While no firm numbers exist on the number of dyads across the country, the Advisory Board Company cites a 2015 survey that found 46 percent of service line leaders and 32 percent of medical directors in hospitals are involved in dyads. The movement is clearly spreading as hospital systems adapt them to clinical service lines, such as cardiology, orthopedics and oncology; to improvement initiatives in areas like quality, finance and patient outcomes; and to regional or national networks of providers. Catholic Health Initiatives (CHI), for one, has moved to service line dyads at many of its 105 hospitals across the country as well as at its clinical practices. “I’m hearing of dyads popping up everywhere as people come to realize that what we’ve been doing in healthcare hasn’t worked,” asserts Kathleen Sanford, DBA, RN, senior vice president and chief nursing officer for CHI, and co-author of the book Dyad Leadership in Healthcare (2015). “We have tribes of people out there who have worked for years in parallel thinking they know each other, but really don’t. Now they need to cross over and become one big tribe centered around what is best for the people they care for.”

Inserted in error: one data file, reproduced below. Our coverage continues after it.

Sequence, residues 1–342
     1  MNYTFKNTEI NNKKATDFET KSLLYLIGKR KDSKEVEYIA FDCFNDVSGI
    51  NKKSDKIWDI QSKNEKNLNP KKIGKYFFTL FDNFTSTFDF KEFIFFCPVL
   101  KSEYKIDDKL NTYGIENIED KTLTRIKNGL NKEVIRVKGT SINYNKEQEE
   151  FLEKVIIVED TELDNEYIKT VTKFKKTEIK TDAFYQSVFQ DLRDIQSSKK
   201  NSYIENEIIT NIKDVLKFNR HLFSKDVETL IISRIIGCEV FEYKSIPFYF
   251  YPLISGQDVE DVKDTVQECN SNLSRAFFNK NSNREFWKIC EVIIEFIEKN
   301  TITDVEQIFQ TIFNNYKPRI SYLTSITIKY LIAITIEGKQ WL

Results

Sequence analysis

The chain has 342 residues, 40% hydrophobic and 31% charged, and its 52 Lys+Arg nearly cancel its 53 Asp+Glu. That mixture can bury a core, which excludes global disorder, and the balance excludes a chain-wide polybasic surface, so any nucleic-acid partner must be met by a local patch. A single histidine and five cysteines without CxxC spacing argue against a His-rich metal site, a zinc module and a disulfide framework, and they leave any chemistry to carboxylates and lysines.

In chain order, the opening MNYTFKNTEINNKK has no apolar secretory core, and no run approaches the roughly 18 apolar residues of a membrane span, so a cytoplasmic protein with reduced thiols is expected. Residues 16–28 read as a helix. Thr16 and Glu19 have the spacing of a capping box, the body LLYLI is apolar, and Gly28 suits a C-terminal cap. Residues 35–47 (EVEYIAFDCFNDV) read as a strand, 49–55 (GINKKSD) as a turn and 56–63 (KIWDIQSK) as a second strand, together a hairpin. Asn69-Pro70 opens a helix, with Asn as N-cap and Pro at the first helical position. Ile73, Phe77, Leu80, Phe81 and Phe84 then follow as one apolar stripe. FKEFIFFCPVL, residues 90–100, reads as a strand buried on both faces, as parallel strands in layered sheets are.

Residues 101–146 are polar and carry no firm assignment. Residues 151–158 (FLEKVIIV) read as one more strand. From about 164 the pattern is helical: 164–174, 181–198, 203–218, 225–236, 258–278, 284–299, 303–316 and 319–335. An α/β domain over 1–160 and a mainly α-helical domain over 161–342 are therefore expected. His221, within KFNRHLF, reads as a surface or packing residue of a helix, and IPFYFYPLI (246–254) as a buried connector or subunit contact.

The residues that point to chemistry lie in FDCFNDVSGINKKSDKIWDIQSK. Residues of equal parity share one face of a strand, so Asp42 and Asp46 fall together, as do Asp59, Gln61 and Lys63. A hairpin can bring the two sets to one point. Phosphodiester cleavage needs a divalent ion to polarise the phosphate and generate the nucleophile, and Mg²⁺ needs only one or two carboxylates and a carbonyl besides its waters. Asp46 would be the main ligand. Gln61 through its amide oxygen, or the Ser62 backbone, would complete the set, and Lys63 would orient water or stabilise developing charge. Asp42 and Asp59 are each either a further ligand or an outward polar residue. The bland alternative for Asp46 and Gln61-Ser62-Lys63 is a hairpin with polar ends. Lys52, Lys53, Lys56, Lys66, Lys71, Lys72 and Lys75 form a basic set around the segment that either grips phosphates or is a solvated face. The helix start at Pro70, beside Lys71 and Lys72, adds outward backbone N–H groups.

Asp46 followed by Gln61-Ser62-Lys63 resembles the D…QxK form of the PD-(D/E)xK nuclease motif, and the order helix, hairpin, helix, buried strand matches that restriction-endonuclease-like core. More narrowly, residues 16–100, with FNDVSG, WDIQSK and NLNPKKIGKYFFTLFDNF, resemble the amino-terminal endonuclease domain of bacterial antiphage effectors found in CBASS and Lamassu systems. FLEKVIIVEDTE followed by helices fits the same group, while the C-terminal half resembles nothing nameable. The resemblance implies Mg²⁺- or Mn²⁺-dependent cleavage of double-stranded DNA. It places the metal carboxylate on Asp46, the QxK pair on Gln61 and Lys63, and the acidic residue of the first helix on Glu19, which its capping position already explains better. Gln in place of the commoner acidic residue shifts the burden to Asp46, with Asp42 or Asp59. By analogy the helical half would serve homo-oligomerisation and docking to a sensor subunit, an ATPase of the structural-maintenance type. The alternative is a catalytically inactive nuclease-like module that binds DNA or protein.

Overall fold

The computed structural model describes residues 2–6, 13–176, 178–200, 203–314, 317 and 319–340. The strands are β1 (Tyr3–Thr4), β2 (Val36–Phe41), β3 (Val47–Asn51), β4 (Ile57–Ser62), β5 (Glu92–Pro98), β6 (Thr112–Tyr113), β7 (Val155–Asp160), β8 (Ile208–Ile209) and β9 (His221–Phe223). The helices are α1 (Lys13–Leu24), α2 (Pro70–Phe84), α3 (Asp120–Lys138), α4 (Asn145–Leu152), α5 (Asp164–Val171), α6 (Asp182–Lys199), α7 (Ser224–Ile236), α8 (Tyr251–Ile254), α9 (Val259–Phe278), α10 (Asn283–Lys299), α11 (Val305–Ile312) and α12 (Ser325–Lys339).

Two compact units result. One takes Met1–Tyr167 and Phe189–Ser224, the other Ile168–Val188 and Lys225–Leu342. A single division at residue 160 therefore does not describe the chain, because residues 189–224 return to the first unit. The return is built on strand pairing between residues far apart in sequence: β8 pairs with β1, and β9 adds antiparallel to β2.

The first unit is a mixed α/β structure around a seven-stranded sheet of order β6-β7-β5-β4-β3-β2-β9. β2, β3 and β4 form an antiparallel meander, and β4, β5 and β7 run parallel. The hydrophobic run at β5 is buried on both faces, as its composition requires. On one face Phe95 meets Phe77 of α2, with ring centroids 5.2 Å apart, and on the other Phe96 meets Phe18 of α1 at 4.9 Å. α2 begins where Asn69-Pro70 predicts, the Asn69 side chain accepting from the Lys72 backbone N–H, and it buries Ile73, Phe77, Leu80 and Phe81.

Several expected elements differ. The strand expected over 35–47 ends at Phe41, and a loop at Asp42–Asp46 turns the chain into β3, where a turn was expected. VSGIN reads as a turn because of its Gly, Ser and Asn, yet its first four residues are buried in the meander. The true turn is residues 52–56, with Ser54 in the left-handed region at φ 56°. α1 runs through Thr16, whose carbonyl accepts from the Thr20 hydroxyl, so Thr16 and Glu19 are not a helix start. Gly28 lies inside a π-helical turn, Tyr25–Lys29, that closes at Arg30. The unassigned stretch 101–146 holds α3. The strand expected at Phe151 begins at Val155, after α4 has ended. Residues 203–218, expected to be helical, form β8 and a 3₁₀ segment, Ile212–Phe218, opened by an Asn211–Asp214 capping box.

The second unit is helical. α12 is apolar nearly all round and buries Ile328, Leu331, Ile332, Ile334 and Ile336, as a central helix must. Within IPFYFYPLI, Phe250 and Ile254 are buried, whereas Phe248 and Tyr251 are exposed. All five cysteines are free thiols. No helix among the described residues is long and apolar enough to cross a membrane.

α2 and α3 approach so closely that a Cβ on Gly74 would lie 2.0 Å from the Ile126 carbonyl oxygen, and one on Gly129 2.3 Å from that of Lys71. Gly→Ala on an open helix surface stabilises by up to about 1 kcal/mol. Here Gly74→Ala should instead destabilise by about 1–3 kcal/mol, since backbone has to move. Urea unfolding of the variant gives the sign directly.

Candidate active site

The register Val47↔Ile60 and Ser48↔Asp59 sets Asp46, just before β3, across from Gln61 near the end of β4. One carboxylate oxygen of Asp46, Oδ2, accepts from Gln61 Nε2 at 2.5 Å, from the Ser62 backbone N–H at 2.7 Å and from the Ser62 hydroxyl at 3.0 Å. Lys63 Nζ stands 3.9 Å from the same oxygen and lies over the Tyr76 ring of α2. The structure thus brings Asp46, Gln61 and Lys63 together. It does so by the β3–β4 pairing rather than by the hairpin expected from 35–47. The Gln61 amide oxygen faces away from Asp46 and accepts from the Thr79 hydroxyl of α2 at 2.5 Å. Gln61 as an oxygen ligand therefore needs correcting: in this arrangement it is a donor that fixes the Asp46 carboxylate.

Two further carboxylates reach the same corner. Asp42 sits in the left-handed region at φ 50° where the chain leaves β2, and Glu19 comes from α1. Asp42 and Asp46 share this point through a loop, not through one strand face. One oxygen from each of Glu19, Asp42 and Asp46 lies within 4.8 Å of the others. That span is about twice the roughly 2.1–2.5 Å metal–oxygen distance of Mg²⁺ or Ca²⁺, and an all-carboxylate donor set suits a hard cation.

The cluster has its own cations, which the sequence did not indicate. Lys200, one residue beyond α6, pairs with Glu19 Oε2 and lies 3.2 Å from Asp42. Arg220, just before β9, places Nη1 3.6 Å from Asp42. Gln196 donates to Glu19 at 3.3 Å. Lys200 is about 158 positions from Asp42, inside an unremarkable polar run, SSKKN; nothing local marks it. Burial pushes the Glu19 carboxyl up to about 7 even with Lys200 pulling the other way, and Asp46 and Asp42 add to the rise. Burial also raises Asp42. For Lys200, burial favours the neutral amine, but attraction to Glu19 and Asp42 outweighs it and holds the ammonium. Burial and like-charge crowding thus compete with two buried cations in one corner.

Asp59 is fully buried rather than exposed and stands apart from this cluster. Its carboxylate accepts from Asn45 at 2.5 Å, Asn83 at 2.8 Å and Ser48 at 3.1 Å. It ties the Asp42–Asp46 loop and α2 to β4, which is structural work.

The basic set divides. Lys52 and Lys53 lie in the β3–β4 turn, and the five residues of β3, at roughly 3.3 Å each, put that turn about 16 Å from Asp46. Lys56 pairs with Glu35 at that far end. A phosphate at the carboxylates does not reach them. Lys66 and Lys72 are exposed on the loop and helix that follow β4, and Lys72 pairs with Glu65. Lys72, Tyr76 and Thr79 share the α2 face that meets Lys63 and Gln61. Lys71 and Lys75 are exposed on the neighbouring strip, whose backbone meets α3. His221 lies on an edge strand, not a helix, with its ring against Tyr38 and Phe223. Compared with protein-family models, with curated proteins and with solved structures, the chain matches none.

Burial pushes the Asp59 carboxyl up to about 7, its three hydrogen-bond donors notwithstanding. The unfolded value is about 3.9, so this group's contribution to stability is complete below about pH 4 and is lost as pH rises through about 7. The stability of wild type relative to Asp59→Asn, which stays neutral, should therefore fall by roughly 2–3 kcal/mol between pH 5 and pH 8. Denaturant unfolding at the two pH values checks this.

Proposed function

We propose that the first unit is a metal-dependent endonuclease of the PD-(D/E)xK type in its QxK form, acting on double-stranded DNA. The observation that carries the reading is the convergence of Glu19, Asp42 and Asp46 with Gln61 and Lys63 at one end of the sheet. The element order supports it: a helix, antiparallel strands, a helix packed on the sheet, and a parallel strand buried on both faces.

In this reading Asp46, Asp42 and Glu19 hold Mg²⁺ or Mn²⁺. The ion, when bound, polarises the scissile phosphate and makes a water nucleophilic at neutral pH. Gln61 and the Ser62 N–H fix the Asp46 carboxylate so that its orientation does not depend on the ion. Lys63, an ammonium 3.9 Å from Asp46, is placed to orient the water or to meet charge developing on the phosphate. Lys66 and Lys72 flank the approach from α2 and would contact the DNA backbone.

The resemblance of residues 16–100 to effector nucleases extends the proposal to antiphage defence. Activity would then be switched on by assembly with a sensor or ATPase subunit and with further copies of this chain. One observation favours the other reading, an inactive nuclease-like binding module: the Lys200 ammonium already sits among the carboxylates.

But, Sanford hastens to add, converting to a dyadic structure can be a daunting task. “Many clinicians who get involved are astonished at how much hard work it is,” she acknowledges, while adding none of the dyad partners she interviewed for her book said they would ever go back. For a dyad to succeed, according to participants in the field, hospitals must be committed to redrawing many of the traditional lines of power and control and be willing to openly welcome a new culture where shared decision-making and accountability are paramount. Physicians, for their part, must be willing to unload any biases they hold (be they gender, race, cultural or assorted others) and relinquish some of the autonomy they’ve enjoyed in the past to a team-based approach. They also must have a passion for communicating (and, when necessary, for sharpening their communication skills), particularly with their administrative partners. Therein lies one of the biggest challenges facing any nascent dyad: ensuring their clinical and administrative heads are respectful of each other’s background and skill sets and able to work seamlessly together—the antithesis of a shotgun wedding.